Republicans File Complaint to D.C. Bar on Clinton Lawyer Mills

Updated on
  • Confidante Mills had conflict of interest, GOP official says
  • Legal ethics professor says it may not be that clear-cut

Cheryl Mills arrives for a closed-door deposition before the House Select Committee on Benghazi on Sept. 3, 2015, on Capitol Hill.

Photographer: Alex Wong/Getty Images

Officials with the Republican National Committee said Monday they lodged a complaint with the District of Columbia Bar against one of Hillary Clinton’s attorneys and closest confidantes, the latest move to raise questions about what the GOP calls a cover-up over Clinton’s private e-mail system.

Raj Shah, the RNC’s research director, said in the complaint that Cheryl Mills violated a D.C. Bar rule by serving as one of Clinton’s attorneys during the FBI’s investigation into whether the former secretary of state and her aides mishandled classified information. Mills, who was chief of staff when Clinton was secretary of state, had also received limited immunity from the FBI as it looked into the server.

Cheryl Mills and Hillary Clinton

Photographer: Saul Loeb/AFP via Getty Images

“The FBI’s grant of immunity to Ms. Mills highlights the apparent conflict of interest in her representation of Secretary Clinton,” Shah wrote in the letter obtained by Bloomberg News.

Representatives for Mills and for the Clinton campaign didn’t return requests for comment. They have previously emphasized that the FBI found no cause to bring charges and no evidence of wrongdoing by Mills.

For a QuickTake Q&A on Hillary Clinton’s e-mail system, click here.

Republican lawmakers and representatives of Donald Trump, Clinton’s chief rival in the presidential campaign, have cited the FBI’s immunity grants to Mills, a second official from Clinton’s time at the State Department, and two computer technicians as proof of what a Trump spokesman called “without doubt a criminal scheme.” Representative Jason Chaffetz, the chairman of the House Oversight Committee said the FBI “was handing out immunity agreements like candy” and that he’s “lost confidence” in its investigation.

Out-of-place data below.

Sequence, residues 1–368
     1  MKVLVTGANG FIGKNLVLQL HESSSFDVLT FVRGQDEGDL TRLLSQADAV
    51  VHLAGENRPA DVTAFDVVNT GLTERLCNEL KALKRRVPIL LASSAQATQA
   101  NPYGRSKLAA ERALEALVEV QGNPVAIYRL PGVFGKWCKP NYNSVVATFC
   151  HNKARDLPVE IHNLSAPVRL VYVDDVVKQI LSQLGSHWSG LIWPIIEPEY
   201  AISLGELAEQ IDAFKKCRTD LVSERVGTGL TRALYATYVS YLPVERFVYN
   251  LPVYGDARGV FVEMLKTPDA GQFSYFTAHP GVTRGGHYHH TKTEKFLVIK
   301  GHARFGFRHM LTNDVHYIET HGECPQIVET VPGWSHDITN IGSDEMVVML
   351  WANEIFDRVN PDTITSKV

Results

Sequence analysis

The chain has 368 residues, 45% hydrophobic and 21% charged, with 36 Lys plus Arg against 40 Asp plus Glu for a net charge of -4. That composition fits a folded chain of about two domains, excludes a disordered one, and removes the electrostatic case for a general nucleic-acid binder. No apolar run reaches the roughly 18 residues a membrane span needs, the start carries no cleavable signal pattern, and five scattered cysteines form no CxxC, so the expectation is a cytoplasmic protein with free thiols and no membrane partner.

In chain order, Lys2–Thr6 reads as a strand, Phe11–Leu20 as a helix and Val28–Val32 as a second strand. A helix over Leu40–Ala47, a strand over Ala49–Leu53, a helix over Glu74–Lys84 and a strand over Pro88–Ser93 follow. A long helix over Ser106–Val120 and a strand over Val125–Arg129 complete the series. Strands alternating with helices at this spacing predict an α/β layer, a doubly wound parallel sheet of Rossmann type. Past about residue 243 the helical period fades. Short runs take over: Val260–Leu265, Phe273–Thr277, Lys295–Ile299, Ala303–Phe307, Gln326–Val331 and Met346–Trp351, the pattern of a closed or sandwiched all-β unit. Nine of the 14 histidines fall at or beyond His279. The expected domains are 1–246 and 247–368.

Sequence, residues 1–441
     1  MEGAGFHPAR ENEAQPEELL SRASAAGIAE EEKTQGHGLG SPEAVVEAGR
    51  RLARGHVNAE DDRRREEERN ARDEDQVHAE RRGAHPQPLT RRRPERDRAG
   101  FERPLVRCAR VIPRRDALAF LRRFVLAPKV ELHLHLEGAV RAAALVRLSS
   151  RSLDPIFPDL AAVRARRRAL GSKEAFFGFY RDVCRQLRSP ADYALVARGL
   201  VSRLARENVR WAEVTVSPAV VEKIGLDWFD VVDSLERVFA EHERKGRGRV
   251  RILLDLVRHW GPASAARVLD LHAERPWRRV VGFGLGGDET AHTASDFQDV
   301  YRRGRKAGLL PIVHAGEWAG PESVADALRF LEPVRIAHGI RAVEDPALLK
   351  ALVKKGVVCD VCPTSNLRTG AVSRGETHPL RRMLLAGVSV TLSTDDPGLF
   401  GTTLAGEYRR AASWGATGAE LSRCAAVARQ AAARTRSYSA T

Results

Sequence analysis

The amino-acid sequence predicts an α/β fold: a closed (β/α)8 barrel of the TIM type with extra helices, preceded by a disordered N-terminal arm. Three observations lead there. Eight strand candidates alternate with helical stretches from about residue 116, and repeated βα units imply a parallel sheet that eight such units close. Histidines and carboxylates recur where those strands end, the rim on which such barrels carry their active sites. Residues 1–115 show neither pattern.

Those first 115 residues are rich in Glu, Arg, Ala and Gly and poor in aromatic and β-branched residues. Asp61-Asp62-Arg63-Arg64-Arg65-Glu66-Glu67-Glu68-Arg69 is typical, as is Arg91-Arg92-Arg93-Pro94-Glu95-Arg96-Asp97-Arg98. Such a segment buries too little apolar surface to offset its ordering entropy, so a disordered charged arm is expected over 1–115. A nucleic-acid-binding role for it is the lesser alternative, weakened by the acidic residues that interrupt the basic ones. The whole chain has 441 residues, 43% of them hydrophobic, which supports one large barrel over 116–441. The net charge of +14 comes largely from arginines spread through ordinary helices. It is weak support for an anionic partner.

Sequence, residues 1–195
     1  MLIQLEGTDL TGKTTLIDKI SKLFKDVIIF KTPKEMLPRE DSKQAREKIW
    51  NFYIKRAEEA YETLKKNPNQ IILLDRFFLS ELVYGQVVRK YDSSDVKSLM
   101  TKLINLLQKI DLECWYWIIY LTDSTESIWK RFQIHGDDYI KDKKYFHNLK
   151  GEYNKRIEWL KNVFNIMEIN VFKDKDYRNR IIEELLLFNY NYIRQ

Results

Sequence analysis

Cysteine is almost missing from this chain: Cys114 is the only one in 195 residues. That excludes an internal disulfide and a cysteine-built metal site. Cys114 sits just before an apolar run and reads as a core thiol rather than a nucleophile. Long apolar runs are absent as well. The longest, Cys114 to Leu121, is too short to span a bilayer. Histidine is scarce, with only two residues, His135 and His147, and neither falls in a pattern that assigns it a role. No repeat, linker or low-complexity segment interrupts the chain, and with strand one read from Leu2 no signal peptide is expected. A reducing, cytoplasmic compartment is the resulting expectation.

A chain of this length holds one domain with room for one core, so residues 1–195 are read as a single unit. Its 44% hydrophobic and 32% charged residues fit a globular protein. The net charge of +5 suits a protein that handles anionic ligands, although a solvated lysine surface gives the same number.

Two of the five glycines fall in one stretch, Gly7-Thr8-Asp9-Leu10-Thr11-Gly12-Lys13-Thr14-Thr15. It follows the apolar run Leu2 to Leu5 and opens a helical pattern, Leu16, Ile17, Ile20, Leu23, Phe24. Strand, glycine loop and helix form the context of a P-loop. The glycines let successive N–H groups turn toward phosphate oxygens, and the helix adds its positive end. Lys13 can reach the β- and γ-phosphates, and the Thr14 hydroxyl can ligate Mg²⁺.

FBI Director James Comey has defended the agency, saying the grants of immunity from prosecution were narrowly drawn and that Mills was given protection solely so the agency could get access to a laptop she used. Mills had overseen what turned out to be an incomplete handover of Clinton’s work-related e-mail to the State Department.

“You can call us wrong but don’t call us weasels,” an angry Comey told a congressional hearing last week. “We are not weasels, we are honest people.”

The RNC’s letter to the DC Bar says that that Mills may have violated a rule against a lawyer accepting “other employment in connection with a matter which is the same as, or substantially related to, a matter in which the lawyer participated personally and substantially as a public officer or employee.” It calls on the Bar to “take any and all necessary disciplinary measures against Ms. Mills,” without suggesting what those might be.

The Bar did not return requests for comment on the complaint.

Aware or Active?

Michael Krauss, who teaches legal ethics at the Antonin Scalia Law School at George Mason University in Virginia, said Mills may not have run afoul of the rule if she didn’t participate “personally and substantially” in decisions regarding the server.

“Was she merely aware of this issue or was she active?” Krauss said. If she were active, she might be violating the rule technically, although it “typically imagines there being a conflict between” Mills and her former employer -- the U.S. government -- and her current employer, Clinton. “There is no active dispute between the Department of State and Mrs. Clinton,” he said.

Voters, who’ve taken a negative view of Clinton’s use of private e-mail, may come to a different conclusion, he added.

“There may be a conflict between Mrs. Clinton’s interest and the interests of the United States of America,” he said. “That’s an issue that’s obviously being debated as we speak.”